Goods and Services Tax Council may revise norms for GST levy


With companies complaining about the levy of tax on allocation of salary cost of head-office employees to branches under the so-called cross-charge mechanism, the Goods and Services Tax Council will likely refer the matter to its law committee to review its applicability.

The levy has increased the cost of firms in sectors currently exempt from goods & services tax (GST) and raised the compliance burden for most others.“References have come from many places, including some industry associations on the matter. It will be taken to the GST law committee,” a senior official told FE.

Industry sources said there has been a sudden surge in the Directorate General of GST Intelligence (DGGI) investigation where issues such as inclusion of salary in cross-charge is being raised. GST is 18% on supply of services under cross charge.

In December 2021, the Appellate Authority for Advance Ruling (AAAR), Maharashtra had ruled in the case of Cummins India that allocation and recovery of the salary of the employees of the head office from the branch office/units will be subject to GST. The company had sought a ruling on the applicability of GST on allocation and recovery of the salary cost of the head office’s employees from the branch offices in different states.

The objective of cross-charge was to pass on the input tax credit from head office to branch offices in different states seamlessly for GST paid on common services of a company such as rent, IT and advertisement, industry sources said. However, there are no specific guidelines on the manner and structure of cross charge or whether to include salary costs of head office staff or not in it for taxation purpose.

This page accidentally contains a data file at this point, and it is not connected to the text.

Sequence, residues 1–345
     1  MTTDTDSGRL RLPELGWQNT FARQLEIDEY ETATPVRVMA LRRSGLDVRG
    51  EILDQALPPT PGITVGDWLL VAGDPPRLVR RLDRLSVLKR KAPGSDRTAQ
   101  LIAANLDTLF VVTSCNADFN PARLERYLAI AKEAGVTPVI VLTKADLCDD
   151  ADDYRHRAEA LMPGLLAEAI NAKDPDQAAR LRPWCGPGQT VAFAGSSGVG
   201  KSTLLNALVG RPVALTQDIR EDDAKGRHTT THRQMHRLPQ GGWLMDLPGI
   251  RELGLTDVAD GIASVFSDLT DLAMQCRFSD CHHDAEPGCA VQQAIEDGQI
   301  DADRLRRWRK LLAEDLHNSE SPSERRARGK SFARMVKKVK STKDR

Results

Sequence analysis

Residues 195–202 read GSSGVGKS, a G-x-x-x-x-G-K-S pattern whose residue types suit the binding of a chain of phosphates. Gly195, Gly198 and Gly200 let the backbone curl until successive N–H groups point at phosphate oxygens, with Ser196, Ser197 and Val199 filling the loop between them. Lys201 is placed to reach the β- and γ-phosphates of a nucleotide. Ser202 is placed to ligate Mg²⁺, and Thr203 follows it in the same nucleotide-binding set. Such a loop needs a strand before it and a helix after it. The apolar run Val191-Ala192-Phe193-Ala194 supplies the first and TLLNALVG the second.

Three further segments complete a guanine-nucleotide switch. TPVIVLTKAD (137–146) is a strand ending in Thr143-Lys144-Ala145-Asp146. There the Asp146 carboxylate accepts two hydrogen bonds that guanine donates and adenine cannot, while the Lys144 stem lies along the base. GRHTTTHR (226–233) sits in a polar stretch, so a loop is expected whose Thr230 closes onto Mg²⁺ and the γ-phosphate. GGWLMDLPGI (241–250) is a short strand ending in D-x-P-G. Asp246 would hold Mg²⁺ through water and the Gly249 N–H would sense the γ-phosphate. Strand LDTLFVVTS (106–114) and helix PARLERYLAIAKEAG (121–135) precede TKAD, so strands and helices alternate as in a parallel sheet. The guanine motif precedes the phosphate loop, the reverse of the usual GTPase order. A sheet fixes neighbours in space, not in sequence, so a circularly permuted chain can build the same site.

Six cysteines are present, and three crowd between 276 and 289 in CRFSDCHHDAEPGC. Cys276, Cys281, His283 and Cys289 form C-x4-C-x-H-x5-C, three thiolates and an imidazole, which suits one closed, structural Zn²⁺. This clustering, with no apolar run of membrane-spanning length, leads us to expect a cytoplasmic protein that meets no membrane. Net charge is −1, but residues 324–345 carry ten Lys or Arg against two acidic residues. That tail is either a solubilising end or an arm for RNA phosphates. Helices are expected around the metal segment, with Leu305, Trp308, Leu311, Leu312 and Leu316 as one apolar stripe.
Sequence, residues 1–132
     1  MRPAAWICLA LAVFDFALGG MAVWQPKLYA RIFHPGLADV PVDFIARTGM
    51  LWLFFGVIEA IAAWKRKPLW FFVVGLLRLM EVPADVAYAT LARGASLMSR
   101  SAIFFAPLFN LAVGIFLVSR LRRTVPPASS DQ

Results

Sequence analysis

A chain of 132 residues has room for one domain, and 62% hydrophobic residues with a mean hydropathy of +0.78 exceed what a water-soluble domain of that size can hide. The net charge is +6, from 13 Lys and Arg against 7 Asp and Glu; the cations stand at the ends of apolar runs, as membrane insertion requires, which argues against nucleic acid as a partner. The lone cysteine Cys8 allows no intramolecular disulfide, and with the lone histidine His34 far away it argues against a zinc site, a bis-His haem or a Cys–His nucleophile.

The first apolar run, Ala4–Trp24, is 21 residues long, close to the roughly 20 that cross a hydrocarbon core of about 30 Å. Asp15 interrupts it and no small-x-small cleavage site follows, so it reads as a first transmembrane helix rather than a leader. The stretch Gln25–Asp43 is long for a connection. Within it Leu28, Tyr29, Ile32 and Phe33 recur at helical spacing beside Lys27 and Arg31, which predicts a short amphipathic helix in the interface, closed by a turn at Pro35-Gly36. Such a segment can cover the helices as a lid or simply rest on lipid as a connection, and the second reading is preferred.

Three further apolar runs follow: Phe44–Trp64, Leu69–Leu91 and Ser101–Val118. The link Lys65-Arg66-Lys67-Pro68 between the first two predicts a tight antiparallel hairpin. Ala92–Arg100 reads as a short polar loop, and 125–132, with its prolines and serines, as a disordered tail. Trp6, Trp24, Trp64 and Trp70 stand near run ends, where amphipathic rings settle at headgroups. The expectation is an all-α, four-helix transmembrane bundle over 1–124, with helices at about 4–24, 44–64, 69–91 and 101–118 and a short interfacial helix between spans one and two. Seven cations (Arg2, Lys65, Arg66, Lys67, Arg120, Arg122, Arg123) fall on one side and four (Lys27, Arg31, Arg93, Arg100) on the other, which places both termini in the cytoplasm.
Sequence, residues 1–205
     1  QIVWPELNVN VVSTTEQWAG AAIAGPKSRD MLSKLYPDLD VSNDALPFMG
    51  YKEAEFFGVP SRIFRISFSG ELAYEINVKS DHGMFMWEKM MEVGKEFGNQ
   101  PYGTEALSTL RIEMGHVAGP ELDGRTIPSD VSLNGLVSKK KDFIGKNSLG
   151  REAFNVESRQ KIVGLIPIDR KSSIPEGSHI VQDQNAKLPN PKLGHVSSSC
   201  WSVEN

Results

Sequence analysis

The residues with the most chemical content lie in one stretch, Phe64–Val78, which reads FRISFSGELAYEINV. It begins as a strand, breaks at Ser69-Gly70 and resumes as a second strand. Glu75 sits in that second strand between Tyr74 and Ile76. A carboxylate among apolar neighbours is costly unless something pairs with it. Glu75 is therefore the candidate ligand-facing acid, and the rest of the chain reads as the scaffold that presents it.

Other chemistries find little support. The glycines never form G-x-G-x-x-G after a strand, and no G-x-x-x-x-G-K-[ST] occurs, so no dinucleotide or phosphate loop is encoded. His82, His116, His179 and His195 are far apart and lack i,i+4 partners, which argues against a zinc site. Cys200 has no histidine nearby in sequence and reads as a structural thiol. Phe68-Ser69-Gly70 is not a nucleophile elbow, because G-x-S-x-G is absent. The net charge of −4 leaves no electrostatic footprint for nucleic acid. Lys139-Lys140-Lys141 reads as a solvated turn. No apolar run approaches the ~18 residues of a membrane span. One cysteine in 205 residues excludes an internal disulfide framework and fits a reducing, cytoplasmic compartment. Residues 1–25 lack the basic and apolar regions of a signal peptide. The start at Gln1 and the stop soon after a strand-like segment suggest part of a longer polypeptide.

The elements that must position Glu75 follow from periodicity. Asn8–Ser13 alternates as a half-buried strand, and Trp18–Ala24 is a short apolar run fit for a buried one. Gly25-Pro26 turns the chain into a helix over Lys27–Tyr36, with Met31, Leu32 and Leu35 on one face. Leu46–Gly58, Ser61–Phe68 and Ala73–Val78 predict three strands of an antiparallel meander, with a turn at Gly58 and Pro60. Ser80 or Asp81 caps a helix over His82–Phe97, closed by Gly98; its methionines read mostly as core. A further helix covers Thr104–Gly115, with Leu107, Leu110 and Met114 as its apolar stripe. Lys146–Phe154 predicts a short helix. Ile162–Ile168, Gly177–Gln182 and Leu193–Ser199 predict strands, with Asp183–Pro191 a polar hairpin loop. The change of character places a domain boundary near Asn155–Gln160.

“The GST Council needs to examine whether cross charge mechanism should continue and in what form. The most important issue is as to whether salary of one office (typically head office) staff has to be included in this for levying GST,” said Pratik Jain, Partner, Price Waterhouse & Co LLP.

The most impacted sectors are those exempt from GST such as healthcare, education, electricity and petroleum as input tax credit is not available, Jain said. It is also adversely impacting sector such as restaurants and real estate which don’t get input tax credit on taxes paid on input services and it becomes an additional cost for them.

Companies in these sectors, which were already suffering from GST on cross charges for common services, will see further rise in operational cost due to inclusion of salary. For other companies, it is more sort of a compliance burden as taxes paid in supply of services to branches are recovered through ITC mechanism.

In the pre-GST regime, any supply of service between head office and branch office was not taxable. Hence, it has been a matter of dispute between companies and tax officials after the GST was rolled out in July 2017. Inclusion of salary in cross charges for GST has further complicated the matter as industry is of the view that employees work for the company as a whole and not employed for head office or branches.